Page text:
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ACSOL’s Online EPIC Conference: Empowered People Inspiring Change Sept 17-18, 2021

General News

More fuel for the movement to reform sex offender laws

I’ve written before about the appalling (and unconstitutional) state of our laws regarding prohibitions and restrictions on the activities of convicted sex offenders — restrictions on where they can live, whom they can associate with, the Internet sites they can visit, the jobs they can hold and the places to which they can travel — to which they are subject after they have served whatever sentences were imposed upon them for their crimes. Commenting recently on a decision by the federal district court in Minnesota striking down Minnesota’s egregious post-conviction “civil confinement” statute, I expressed the sense — or perhaps it’s just the hope — that “a backlash against these laws is starting to form, in the courts and in public opinion.” So I was particularly pleased to see that the lead editorial in Sunday’s New York Times (“Sex Offenders Locked Up on a Hunch“) was a hard-hitting attack on the whole “civil confinement” regime. Full Article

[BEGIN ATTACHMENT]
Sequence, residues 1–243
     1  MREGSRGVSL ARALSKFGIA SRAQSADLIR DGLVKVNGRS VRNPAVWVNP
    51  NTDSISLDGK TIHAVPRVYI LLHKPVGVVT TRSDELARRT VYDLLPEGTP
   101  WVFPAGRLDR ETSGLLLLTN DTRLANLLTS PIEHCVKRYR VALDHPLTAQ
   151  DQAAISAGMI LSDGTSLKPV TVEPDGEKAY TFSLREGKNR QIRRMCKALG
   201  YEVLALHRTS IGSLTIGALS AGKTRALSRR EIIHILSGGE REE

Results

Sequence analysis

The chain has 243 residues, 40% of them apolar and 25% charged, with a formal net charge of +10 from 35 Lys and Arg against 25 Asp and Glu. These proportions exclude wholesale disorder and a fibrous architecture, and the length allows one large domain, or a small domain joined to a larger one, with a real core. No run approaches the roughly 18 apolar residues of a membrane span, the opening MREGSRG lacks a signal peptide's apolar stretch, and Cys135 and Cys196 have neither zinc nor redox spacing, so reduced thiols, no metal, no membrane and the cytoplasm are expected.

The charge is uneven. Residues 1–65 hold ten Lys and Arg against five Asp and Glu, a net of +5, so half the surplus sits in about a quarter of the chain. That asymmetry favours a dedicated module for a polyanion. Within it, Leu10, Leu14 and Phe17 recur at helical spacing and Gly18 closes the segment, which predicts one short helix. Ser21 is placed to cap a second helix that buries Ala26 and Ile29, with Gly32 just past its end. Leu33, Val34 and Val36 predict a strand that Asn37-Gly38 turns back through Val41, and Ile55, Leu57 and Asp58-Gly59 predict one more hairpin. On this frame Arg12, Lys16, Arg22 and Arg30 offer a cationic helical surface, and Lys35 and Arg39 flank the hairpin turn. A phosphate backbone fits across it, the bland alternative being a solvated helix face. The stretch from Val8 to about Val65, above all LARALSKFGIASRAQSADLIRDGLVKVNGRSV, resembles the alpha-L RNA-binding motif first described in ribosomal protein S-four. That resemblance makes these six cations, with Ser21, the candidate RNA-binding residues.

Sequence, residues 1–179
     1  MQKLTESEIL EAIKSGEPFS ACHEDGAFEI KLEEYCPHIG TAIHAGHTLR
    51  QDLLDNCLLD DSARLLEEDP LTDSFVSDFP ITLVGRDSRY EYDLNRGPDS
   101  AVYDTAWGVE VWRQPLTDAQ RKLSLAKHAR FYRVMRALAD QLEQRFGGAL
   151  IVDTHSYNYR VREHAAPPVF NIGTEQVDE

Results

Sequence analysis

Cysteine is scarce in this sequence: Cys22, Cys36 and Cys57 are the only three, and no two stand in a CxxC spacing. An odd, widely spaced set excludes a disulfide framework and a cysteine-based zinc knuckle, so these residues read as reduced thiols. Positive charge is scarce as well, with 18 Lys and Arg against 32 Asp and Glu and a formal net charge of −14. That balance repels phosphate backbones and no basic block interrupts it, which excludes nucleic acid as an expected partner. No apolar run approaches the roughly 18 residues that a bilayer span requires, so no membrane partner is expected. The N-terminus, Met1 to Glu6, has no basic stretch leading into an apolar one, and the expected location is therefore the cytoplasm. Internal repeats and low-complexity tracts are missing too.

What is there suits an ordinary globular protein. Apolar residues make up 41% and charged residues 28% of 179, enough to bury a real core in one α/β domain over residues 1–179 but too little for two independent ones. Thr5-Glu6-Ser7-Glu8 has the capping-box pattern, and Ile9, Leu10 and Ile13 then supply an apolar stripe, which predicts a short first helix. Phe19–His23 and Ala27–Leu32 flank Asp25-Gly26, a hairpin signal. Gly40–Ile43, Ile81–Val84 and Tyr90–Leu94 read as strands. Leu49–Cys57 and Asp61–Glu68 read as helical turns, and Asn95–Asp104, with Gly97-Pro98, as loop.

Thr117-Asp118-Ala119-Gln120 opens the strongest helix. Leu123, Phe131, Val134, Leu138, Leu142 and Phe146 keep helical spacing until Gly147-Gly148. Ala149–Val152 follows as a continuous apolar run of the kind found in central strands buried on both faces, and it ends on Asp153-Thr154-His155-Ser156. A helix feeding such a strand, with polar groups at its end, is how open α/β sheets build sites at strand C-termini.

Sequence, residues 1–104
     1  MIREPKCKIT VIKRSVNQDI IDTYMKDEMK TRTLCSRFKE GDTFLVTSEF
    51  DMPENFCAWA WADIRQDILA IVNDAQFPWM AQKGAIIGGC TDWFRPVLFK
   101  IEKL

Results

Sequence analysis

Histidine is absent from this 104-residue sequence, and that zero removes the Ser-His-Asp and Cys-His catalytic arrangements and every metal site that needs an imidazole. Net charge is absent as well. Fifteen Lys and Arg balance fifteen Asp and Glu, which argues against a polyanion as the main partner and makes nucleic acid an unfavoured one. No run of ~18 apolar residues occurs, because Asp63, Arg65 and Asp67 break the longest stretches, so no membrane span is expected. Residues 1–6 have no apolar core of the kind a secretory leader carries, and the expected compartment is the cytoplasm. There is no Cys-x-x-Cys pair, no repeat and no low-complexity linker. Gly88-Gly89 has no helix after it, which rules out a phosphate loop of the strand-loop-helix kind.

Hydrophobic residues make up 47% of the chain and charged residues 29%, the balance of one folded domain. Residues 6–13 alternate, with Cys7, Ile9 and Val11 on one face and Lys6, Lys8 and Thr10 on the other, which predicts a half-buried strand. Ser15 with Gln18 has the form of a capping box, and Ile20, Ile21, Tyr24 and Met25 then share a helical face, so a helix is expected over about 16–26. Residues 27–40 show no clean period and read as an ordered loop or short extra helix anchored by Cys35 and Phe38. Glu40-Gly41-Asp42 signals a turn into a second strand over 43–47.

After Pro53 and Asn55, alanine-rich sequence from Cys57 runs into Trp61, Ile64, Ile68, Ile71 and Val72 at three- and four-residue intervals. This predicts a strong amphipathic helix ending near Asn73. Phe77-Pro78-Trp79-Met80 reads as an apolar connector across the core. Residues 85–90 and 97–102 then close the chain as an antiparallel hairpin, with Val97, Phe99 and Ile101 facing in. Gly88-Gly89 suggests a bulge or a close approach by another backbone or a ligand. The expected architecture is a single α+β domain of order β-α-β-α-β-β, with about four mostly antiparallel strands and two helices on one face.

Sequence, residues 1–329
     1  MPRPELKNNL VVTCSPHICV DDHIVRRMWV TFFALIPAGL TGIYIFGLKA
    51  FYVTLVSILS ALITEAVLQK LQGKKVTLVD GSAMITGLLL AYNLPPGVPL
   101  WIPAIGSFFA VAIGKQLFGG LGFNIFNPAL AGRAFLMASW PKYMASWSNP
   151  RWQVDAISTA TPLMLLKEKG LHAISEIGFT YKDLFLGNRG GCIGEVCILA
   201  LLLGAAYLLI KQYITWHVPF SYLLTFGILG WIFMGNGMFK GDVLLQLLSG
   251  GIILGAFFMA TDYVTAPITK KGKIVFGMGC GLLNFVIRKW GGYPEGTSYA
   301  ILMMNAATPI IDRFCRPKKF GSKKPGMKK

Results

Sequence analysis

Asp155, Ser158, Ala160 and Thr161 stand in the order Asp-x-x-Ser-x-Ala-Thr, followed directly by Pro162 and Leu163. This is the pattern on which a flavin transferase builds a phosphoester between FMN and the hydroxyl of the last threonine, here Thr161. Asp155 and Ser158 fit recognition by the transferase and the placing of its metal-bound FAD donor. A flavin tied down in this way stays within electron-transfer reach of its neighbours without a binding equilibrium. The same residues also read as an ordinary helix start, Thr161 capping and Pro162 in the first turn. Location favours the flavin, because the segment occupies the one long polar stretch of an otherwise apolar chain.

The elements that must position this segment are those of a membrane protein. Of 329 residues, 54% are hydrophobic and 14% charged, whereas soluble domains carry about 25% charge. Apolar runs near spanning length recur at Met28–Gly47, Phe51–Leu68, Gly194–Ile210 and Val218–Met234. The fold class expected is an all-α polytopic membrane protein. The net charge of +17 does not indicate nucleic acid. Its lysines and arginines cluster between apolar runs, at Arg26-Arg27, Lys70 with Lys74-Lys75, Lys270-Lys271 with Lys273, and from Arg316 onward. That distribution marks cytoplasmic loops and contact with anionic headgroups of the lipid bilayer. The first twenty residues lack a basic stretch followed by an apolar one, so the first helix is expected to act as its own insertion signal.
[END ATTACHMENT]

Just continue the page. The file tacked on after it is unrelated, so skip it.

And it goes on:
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This is a good op-ed. The only part I have a problem with is where the court in Minnesota says “Although the public might be safer if the government, using the latest “scientific” methods of predicting human behavior, locked up potential murderers, rapists, robbers, and, of course, sex offenders. The problem I have with this is that nobody; not even science can predict the future behavior of anybody. Although it’s already done, I find the courts suggestion that society might be safer if certain people were locked up because they think that individual may do something in the future. I… Read more »

sounds like he is against civil commitment as well as community supervision, and all for allowing people to get on with their lives once their sentence has been served; that’s how it’s supposed to be.

Yet another awesome op-ed!

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